SAAB 9-5 SportCombi
Generations Timeline, Specs and Pictures
GM allowed SAAB to introduce a facelifted version for the 9-5 wagon in 2005, and the result didn’t surprise too many people; it was a larger but uglier version of the 9-3 station wagon.
In 2005, the Swedish carmaker tried to adapt more GM features in its cars. General Motors’ management already asked them to reduce innovations to keep their products on a competitive level. 2005 9-5 Sport Combi showed what that translated into Swedish was.
The car’s front fascia was identical to the sedan’s, with the same googles around the headlights, which looked like they were added aftermarket by a clueless customer. Only one horizontal slat from the grille was chromed, supporting the Saab badge, and the rest were kept unpainted. From its sides, the car’s designers decided to resemble the sedan’s shape on the C-pillars and darkened the D-pillars between the rearmost windows and the rear windscreen. The taillights were split between the quarter panels and the tailgate at the back, following the same shape as those installed on the 9-5 sedan, just wider.
Inside, Saab took more interior parts from GM’s bins, but their squared shapes didn’t integrate that well with the rounded shapes of the dashboard. The car’s wide instrument cluster extended over the center stack and continued on the center console. In the back, a split-bench expanded the trunk from 416 liters (14.7 cu-ft) to 1,489 liters (52.6 cu-ft), which was smaller than other compact-segment stations wagons. Still, the carmaker hoped to compete against Volvo V70 and the BMW 5-Series Touring, which offered way more interior room.
Under the hood, Saab installed a choice of seven engines, and two of them were fueled with ethanol. It was a bold idea, which didn’t match the market’s needs.
Saab introduced a facelifted version of its 9-5 range in 2001.
That affected both the sedan and the station-wagon version, which was named Sport Combi.
Europe switched to Euro 3 pollution norms in 2001, forcing most of the carmakers to change or upgrade their engines. Saab was one of them. Along with the powertrain upgrades, the designers tweaked the car’s look.
From the outside, there were some minor cosmetic changes to the car. There was a new bumper design, depending on the trim level or the vehicle version. For the Aero versions, an A-shaped grille in the lower bumper area made the car looks more aggressive. The rest of the range featured a more refined, elliptic grille with fog-lights enclosed. Its taillights were redesigned in the rear and featured a clear lens for the reversing light on their upper side, while its non-facelifted version featured a smoked lens.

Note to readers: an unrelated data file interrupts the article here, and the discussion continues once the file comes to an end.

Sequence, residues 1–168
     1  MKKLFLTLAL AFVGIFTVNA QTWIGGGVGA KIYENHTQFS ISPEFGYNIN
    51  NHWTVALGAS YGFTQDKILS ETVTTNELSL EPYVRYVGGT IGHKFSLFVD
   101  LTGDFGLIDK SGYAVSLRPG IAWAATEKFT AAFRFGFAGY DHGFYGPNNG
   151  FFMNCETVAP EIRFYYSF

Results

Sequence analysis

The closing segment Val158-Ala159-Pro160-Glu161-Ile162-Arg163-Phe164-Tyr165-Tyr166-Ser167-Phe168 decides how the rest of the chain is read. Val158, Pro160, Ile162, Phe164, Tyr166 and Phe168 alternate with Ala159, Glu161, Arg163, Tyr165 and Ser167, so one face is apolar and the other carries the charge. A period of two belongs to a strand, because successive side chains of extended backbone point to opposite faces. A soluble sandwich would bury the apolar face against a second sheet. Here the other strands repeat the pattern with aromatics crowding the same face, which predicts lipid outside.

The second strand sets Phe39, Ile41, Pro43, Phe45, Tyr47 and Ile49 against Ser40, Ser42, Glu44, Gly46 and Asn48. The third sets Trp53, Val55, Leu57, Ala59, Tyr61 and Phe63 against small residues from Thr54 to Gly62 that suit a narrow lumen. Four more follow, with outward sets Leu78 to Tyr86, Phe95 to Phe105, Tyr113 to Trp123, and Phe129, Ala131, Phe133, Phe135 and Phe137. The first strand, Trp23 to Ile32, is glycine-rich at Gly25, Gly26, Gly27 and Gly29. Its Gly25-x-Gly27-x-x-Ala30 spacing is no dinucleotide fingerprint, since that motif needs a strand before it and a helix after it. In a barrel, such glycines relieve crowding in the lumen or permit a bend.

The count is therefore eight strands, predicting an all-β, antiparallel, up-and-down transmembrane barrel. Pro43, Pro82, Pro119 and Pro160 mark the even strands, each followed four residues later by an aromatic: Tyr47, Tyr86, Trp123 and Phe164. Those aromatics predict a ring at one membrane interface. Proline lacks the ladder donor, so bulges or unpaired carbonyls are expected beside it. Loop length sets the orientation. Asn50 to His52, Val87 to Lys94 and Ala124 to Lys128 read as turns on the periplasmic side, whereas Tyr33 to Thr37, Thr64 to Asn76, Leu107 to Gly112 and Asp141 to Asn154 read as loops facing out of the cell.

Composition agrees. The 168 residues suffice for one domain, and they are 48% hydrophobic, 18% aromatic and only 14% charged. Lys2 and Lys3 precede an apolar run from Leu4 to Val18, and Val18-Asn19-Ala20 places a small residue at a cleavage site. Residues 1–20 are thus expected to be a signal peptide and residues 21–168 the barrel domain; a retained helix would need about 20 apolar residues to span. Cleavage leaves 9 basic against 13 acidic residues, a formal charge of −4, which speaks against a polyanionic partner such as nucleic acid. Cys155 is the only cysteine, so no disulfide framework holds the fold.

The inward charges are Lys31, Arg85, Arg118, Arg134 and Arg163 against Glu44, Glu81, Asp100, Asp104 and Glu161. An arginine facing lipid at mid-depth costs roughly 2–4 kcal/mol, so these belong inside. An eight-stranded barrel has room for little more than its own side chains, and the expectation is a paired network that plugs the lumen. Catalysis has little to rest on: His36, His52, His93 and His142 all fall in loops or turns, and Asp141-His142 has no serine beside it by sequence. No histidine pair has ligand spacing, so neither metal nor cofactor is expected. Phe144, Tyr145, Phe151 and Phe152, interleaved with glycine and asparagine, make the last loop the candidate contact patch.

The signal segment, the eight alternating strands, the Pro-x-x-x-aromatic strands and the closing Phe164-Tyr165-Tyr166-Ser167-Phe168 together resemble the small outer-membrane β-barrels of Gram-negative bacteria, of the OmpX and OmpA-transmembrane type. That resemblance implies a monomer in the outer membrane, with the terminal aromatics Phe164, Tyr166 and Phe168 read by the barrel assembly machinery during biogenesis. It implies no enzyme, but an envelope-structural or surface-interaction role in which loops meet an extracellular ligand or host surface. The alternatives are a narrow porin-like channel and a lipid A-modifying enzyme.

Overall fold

Inside, Saab installed a few particular features specific to its brand. The key-fob was placed between the front seats, in front of the handbrake. Depending on the trim level, the car featured high bolstered seats at the front. The rear seats were split-folding and allowed an increase for the cargo area from 1047 liters (37 cu-ft) to 2064 liters (72.9 cu-ft), measured to the roofline.
GM had the Saab brand under its roof at that time. It supplied most of the engines and the technical platform. The 9-5 customers could choose from a wide range of gasoline and diesel engines. The 2.3-liter turbocharged unit was unique for the Swedish brand, while most of the others were carried over from GM’s European branch, Opel.
The station-wagon bodywork has different names, depending on the manufacturer.
If Audi chose the name Avant and Mercedes-Benz T-Model, the Swedish car-maker chose the SportCombi.
Saab 9-5 was the largest model offered by the Swedish company. Since it was owned by GM, it had to fit somehow on the market to not interfere with other products made by the same group. The 9-5 was built on the same platform with the Opel/Vauxhall Vectra and Saturn L-Series. It was launched in 1997 as a sedan and, a year later, the station-wagon version was introduced to the market.
Up to the B-pillar, the car was the same as its sedan sibling. Things got different after that, with an extended roof-line and a roof spoiler over the tailgate. The car featured some interesting ideas, such as the tailgate-mounted lights to see around the loading area or to be seen from behind by an oncoming vehicle. It is well known that Saab was very concerned about safety. The Swedish company was the first car-maker in the world to introduce standard seatbelts in 1958.
Inside, the only change when compared to the sedan version was the rear bench, which could fold flat to extend the trunk area.
For the engine, the Swedish car-maker installed some of the engines installed in the sedan version. It also came equipped with an option for a five-speed automatic gearbox. The 5-speed manual was standard.